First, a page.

Detailed, Step-by-Step NCERT Solutions for 12 Business Studies Chapter 5 Organising Questions and Answers were solved by Expert Teachers as per NCERT (CBSE) Book guidelines covering each topic in chapter to ensure complete preparation.
Organising NCERT Solutions for Class 12 Business Studies Chapter 5
Organising Questions and Answers Class 12 Business Studies Chapter 5
Multiple Choice Questions
Which of the following is not an element of delegation?
(d) Informal organisation
(d) Informal organisation
A network of social-relationship that arise spontaneously due to interaction at work is called ……….
(a) Formal organisation
(b) Informal organisation
Which of the following does not follow the scalar chain?
(a) Functional structure
(b) Divisional structure
(c) Formal organisation
(d) Informal organisation
(d) Informal organisation
A tall structure has a ……….
(a) Narrow span of management
(b) Wide span of management
(c) No span of management
(d) Less levels of management
(b) Wide span of management
Centralisation refers to ……….
(a) Retention of decision making authority
(b) Dispersal of decision making authority
(c) Creating decisions as profit centers
(d) Opening new centers or branches
(a) Retention of decision making authority
For delegation to be effective it is essential that responsibility be accompanied with necessary
Span of management refers to ……….
(a) Number of managers
(b) Length of term for which a manager is appointed
(c) Number of subordinates under a superior
(d) Number of members in top management
(c) Number of subordinates under a superior
The form of organisation known forgiving rise to rumors is called ……….
(a) Centralised organisation
(b) Decentralised organisation
(c) Informal organisation
(d) Formal organisation
(d) Formal organisation
Grouping of activities on the. basis of product lines is a part of …………..
(a) Delegated organisation
(b) Divisional organisation
(c) Functional organisation
(d) Autonomous organisation
(b) Divisional organisation
Grouping of activities on the basis of functions is a part of …………..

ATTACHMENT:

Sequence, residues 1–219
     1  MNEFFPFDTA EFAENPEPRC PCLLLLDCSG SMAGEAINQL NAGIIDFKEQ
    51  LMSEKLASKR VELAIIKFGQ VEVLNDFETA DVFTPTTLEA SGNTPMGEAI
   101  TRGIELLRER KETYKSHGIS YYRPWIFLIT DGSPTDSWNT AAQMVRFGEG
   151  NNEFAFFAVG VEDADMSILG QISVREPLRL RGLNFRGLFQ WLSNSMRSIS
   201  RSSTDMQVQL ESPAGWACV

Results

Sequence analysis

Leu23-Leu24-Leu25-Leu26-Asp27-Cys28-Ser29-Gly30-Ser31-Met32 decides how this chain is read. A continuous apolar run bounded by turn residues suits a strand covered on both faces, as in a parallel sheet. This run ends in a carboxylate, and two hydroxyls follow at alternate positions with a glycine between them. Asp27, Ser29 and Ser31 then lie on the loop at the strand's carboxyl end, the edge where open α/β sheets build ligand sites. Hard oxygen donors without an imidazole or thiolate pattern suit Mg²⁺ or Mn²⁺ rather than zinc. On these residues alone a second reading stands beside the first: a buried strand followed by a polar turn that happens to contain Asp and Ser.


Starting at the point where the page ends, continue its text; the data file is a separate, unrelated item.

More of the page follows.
(a) Decentralised organisation
(b) Divisional organisation
(c) Functional organisation
(d) Centralised organisation
(c) Functional organisation
Short Answer Type Questions
“Organisation is the form of every human association for the attainment of a common purpose” – James D. Monney
“Take away our factories, our trade, our avenues of transportation our money, leave nothing but our organisation, and in four years we shall have re-established ourselves” – Andrew Carnegie
When ever and wherever some people work together it is natural for the problems to arise. Some of these problems related to the organisation like how to divide the work, what should be allocated . to whom, what shall be the rights and responsibilities of different people, how shall the work of different people be Co-ordinated etc.
If proper solutions to these problems are not found, it is quite possible that some of the activities shall be repeated while some others shall be completely omitted. It will result in unnecessary delay and wastage of money. Hence, it is necessary that the work is entrusted to individuals according to their abilities, they are given adequate authority and their responsibilities are properly determined so that necessary action can be taken against them in case of delay in completion of activities. Carrying out all these activities is known as organising.
An organisation in which the resources of production are properly organised faces no problem in the achievement.of its per-determined objectives. According to C. Kenneth, ” A sound organisation is the answer to every business problem, that a poor organisation could run a good product into the ground and that a good organisation with a poor product could run a good product out of the market”